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    @Braiam The reject reason too minor might have been removed but some edits are still too minor, they fill up the queue and usually don't fix enough to actually make the post good. And George is just saying (as I understand it at least) is that these minor edits are fine but not if you do minor edits for rep farming by suggesting a lot of them (and thus filling up the queue). – EpicKip Sep 5 '17 at 12:20
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    Based on your situation I'd say this needs an explanatory response from the rejecting moderator. Have you considered adding a support tag to the question? – TylerH Sep 5 '17 at 12:43
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    I told the user to stop in a comment and it seems like he understood that what he was doing was bad. – Donald Duck Sep 5 '17 at 12:58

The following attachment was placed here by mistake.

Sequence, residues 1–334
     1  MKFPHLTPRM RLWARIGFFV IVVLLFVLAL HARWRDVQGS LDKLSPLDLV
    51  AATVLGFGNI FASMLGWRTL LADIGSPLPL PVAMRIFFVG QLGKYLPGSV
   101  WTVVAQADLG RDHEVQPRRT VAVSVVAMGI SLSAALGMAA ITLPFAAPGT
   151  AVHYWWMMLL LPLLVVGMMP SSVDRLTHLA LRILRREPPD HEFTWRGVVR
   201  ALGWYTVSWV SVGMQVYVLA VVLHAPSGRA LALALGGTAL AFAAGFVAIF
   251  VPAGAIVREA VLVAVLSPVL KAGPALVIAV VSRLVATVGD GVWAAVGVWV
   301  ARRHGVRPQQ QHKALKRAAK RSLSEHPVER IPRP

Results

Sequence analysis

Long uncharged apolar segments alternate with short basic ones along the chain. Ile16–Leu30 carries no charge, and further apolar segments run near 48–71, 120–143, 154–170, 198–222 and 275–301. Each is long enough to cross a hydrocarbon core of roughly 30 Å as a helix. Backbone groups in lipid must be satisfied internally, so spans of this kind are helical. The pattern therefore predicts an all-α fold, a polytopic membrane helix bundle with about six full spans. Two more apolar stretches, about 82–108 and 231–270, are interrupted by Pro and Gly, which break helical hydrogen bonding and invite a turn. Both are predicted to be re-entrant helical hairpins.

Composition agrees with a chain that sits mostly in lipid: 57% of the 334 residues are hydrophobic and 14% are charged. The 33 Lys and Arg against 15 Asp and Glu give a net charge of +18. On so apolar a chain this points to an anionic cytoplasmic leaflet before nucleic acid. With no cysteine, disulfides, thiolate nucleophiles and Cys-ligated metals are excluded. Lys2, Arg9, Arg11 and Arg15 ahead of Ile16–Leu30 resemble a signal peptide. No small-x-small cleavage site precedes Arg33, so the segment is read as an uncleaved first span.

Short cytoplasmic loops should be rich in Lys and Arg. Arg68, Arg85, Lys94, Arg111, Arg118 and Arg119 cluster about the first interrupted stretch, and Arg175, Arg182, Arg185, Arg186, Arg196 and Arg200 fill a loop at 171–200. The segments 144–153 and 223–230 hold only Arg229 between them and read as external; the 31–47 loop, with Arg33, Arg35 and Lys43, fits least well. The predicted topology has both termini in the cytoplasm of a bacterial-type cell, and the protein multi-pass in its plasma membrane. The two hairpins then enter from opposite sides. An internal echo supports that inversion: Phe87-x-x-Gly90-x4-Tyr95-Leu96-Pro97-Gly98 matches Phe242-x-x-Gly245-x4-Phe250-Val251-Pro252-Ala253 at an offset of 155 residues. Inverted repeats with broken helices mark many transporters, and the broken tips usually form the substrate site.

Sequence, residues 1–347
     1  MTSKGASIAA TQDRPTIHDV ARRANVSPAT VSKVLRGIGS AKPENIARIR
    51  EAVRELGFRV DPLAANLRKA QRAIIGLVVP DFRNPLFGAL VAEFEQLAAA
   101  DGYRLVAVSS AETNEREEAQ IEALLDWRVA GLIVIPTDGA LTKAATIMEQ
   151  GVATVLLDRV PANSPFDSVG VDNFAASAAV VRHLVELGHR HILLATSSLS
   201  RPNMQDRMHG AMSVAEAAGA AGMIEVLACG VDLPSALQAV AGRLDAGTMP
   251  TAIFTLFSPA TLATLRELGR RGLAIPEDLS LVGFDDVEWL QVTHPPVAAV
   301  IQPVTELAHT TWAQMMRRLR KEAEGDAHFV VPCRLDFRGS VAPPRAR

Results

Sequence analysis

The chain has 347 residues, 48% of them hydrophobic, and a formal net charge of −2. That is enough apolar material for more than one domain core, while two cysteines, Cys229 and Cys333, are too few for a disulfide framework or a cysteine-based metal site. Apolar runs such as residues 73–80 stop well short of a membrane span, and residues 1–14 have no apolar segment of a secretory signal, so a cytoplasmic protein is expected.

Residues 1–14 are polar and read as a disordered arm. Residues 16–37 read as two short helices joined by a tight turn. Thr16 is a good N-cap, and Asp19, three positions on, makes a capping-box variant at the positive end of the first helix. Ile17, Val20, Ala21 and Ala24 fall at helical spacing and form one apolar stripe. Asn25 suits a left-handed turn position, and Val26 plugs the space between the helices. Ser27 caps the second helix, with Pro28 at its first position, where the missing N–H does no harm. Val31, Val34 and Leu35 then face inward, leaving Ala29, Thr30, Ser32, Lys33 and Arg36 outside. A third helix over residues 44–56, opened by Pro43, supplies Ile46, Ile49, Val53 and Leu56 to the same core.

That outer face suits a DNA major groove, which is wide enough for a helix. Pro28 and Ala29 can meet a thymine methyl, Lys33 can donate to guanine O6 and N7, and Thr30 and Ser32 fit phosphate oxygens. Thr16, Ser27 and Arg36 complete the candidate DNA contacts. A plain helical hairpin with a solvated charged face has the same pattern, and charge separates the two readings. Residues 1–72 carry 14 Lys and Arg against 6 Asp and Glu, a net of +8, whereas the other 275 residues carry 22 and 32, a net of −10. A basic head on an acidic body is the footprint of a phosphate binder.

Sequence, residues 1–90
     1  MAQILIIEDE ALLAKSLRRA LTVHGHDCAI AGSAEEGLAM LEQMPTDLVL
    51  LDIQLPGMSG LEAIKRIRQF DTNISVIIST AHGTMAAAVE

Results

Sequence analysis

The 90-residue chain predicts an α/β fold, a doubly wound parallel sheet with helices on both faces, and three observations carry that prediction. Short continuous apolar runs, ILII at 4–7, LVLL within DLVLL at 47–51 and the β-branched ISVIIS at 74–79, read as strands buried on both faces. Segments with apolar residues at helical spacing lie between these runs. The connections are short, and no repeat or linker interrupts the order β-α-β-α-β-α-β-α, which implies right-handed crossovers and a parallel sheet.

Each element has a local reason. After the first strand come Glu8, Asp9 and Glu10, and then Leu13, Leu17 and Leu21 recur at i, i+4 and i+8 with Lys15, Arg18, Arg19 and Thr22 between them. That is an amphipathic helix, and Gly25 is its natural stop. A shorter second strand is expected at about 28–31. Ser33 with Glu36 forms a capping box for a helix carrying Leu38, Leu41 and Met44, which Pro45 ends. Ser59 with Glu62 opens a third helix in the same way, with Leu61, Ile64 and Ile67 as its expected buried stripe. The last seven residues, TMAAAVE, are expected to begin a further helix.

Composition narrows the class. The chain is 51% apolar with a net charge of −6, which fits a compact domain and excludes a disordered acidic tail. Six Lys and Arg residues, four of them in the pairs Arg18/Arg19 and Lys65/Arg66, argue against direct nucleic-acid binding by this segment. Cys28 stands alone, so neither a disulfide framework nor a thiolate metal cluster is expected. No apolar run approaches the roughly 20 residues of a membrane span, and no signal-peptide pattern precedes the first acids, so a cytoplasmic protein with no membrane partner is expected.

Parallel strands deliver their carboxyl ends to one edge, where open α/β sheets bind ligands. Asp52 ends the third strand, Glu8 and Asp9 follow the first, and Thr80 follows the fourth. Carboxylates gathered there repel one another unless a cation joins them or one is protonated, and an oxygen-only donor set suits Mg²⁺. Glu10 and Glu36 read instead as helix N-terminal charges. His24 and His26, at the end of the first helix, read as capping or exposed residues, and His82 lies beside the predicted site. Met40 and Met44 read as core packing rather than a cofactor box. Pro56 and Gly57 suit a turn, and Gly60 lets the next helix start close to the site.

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    @Braiam I've had the same discussion with you before, you try to put the fault of the editor on reviewers. An edit does not become good or substantive when a review decides he can't/won't fix the mess (I will reject a very very minor edit instead of improving it if I know nothing of the topic say c++ or php) – EpicKip Sep 5 '17 at 13:10
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    @Braiam they have, this link is in their post and will direct you to all of the user's edits. A few specific ones stackoverflow.com/review/suggested-edits/17216352, stackoverflow.com/review/suggested-edits/17209281, stackoverflow.com/review/suggested-edits/17209040 – George Sep 5 '17 at 13:38
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    You're missing the classic Reject an already-approved suggested edit when rolling it back on MSE from your list of examples. – Ben Sep 5 '17 at 13:55